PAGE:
Are laser discs better than blurring

The best picture for the noble tone

For veteran home cinema fans, the picture quality has developed to an almost unbelievable degree over the past twelve years. Until the start of DVD, the LaserDisc was regarded as a high-end image medium and provided a resolution of around 500 x 576 pixels. Blu-ray discs bring it to 1920 x 1080, which is around seven times more. It is important to maintain this gain in quality.

It starts when the signal leaves the player. A decent HDMI cable is the only virtually lossless way of transporting the disk's signal. Limit the cable length to the bare minimum, because the signal attenuation increases dramatically with the image resolution and the cable length. The endurance test: Switch off the 24-Hertz playback in the player menu and start a movie that then runs at 1080p in 60 Hz, the highest data rate that can currently occur. If the transmission works without visible interference, such as light flashes in dark parts of the image, everything is fine. Don't forget to reactivate the player for 24 Hz.

Tip: Smooth movies

There is still a problem with the 24 frames per second, because not all displays can process it properly. Some models (also from brand manufacturers) accept the signal at the input, but process it internally at a choppy 60 Hz. You should find out about this before buying from the dealer.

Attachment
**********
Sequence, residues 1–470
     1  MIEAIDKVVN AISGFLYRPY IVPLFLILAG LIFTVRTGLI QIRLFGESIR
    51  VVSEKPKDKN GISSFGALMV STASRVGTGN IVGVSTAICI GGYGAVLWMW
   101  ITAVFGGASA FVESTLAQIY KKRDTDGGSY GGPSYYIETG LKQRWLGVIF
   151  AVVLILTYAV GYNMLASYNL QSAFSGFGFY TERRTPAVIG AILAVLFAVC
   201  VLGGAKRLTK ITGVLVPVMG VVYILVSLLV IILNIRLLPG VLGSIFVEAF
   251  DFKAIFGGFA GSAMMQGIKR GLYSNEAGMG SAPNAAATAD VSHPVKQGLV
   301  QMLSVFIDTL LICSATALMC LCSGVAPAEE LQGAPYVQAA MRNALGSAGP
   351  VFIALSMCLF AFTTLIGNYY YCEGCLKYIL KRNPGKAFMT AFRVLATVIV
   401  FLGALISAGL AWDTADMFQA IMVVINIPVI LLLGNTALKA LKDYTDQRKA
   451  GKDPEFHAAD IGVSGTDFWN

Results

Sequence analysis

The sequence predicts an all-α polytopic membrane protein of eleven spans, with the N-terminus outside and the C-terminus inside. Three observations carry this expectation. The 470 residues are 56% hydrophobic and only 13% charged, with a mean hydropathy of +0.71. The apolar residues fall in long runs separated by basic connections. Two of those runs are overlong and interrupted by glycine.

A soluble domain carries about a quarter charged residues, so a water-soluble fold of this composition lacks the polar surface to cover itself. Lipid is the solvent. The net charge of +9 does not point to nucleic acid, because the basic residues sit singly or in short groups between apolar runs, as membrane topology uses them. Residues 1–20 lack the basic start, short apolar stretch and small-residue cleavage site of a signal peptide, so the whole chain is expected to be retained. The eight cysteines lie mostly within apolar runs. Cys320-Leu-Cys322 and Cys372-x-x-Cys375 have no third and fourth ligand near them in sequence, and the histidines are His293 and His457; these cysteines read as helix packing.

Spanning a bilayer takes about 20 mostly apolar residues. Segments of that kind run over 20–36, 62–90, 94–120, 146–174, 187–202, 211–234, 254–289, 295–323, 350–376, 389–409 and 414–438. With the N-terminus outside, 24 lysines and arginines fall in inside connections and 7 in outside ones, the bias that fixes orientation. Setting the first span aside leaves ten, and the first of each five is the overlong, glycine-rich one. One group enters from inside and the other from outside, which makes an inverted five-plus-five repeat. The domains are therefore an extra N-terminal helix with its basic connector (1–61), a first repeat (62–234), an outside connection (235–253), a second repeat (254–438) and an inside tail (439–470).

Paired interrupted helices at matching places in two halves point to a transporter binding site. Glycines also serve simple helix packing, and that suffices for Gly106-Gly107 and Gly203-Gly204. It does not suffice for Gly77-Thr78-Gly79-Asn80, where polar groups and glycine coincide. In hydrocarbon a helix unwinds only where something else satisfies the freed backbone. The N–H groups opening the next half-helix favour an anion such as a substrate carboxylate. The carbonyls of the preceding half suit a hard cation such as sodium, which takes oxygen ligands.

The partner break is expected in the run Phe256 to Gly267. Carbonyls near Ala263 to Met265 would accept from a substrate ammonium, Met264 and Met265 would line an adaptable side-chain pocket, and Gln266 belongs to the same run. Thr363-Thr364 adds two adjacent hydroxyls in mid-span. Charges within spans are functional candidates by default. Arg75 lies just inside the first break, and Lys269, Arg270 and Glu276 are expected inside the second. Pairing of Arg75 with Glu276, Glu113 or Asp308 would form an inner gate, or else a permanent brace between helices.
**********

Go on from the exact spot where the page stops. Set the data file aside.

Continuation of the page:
Tip: maximum sharpness

For perfect Blu-ray enjoyment, you should only buy full HD devices, which means that the imager uses the same 1920 x 1080 pixel resolution as the films on Blu-ray discs. Only when pixels meet pixels exactly do they display the full image sharpness. Problem: Most TVs and projectors show an overscan, ie an image that is enlarged by a scaler over the edge of the display (against unclean image edges from analog image sources). Blu-rays do not need this trim. Worse still, the scaling significantly reduces the sharpness. Only buy imagers with overscan that can be switched off. Tip: Even the public HD programs (so far Arte HD, soon the entire ARD and ZDF) benefit from full HD devices, because the broadcast resolution of 720 x 1280 pixels is close to the usual grid of 1345 x 768 pixels currently not -Full HD displays. Small scalings such as the one required here lead to stronger artifacts and blurring than large factors. 720p from the transmitter can therefore be extrapolated to 1080p more sharply and with fewer artefacts.